We take photographs in order to understand ourselves. And, in this regard, photography enriches us and makes us wiser.

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One fine day, not so long ago, Massimo Cova came into my studio and showed me a series of photographs of Arenys de Mar. He did not know (and I didn’t want to tell him) that one of my earliest childhood memories of being beside the sea was precisely in that town, when I was only very small and went with my mother and brother to spend a few days there in the late nineteen fifties. Some friends of my parents had lent us a little white house right in the middle of the town. It was late June, and there weren’t many holidaymakers yet and, as far as I can recall, there were even fewer tourists from elsewhere.

My brother and I were two kids from Barcelona, which in those days meant that our only idea of the sea was the occasional trip to the port in the city and perhaps the odd trip on those toy ocean liners called golondrinas, which took you out for a boating trip amid enormous ships and over filthy, oil-stained waters. For our summer holidays, we always went to a family home up in the Plana de Vic, so the sea, or what is really meant by the sea, was something we had only ever seen in the movies.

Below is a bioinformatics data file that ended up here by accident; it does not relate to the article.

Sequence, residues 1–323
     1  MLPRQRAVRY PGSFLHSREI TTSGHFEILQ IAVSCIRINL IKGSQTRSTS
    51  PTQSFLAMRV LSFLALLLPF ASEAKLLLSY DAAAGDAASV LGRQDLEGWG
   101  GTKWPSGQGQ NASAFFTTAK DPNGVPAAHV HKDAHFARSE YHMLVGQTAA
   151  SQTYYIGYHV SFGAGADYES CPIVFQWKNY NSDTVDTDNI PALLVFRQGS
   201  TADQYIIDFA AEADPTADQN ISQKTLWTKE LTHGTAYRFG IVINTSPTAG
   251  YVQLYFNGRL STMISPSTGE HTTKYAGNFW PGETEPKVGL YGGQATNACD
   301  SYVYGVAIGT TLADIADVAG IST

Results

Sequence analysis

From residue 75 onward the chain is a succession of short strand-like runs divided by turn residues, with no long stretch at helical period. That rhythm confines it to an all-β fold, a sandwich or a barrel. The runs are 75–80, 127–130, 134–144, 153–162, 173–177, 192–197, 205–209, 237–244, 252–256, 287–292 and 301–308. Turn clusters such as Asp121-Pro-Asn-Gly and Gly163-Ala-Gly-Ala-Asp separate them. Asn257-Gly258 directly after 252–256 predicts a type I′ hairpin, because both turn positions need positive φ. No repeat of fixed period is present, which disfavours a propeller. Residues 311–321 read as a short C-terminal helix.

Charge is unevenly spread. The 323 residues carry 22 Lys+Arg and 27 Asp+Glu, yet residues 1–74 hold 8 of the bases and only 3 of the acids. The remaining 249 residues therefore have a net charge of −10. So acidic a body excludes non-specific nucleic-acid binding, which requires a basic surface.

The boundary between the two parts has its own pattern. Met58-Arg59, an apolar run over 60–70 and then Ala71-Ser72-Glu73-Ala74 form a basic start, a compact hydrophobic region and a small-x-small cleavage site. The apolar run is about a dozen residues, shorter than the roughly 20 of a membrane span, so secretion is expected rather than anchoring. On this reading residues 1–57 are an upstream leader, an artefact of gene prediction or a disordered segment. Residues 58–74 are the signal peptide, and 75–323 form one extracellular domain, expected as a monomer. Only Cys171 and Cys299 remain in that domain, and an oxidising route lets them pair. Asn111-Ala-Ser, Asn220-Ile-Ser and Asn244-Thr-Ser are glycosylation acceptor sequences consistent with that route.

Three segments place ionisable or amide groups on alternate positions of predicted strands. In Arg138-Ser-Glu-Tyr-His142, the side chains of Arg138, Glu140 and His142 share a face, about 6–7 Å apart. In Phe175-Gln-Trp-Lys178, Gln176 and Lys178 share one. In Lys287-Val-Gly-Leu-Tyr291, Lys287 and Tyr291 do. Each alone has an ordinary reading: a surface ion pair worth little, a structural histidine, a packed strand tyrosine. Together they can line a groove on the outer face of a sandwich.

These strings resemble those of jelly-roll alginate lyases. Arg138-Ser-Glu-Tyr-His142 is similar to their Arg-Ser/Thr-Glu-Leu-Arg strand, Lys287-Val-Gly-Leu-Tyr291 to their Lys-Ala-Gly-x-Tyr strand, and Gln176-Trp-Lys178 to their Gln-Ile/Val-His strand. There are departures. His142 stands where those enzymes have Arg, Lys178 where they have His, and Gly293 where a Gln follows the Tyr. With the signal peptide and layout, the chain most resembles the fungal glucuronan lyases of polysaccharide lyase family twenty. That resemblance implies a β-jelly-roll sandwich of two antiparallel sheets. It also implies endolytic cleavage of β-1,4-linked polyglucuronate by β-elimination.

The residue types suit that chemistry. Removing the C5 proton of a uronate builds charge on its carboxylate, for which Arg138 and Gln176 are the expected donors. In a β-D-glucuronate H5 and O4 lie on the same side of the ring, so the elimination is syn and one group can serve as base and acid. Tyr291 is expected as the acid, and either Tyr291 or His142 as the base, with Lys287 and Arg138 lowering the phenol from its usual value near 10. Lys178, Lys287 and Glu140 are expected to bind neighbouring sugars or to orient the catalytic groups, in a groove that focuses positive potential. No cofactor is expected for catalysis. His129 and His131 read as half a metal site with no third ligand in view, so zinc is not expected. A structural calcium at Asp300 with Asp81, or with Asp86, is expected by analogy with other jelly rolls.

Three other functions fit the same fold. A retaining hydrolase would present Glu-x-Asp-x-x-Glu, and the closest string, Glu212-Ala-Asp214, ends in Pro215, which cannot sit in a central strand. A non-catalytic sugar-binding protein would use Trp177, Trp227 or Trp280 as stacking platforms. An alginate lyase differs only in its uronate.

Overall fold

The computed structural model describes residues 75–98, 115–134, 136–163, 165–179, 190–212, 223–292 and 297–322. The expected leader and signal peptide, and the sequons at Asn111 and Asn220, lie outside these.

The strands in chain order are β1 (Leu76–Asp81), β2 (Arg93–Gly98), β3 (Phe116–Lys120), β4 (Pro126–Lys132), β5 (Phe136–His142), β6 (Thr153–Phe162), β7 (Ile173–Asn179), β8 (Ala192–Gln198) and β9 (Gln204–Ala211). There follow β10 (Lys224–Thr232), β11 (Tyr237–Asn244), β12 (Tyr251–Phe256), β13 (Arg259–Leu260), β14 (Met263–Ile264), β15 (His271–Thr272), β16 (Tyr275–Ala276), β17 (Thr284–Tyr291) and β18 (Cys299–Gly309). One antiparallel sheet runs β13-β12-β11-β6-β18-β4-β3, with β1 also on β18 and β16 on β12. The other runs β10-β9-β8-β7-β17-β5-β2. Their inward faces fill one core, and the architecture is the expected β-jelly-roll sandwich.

Now that wonderful discovery lives on in my memory in an idealised haze. Like a child’s dream. I remember that, accustomed as I was to swimming in a narrow river that ran close to Taradell, the sea was something absolutely huge. Flat and short. All that water reaching way beyond my expectations. And the sound of the waves – I don’t remember now whether it scared me a little or whether it struck my ears like a nursery song. I remember that expert catchers of river crabs like my brother and me could not get used to the sea crabs that, instead of fleeing backwards like river crabs, skilfully slipped sideways out of our hands. And not to mention the fear of treading on a sea urchin, a creature that didn’t exist in our river. And there are other things that I’m not sure whether I remember or just think that I remember. Because we didn’t take any photos of that summer in Arenys. And now that I am a photographer, I know perfectly well that I cannot solely rely on memory. I also need the document. A piece of paper that is able to stimulate my brain and make things more precise. An image that clears the cloud and turns something into history.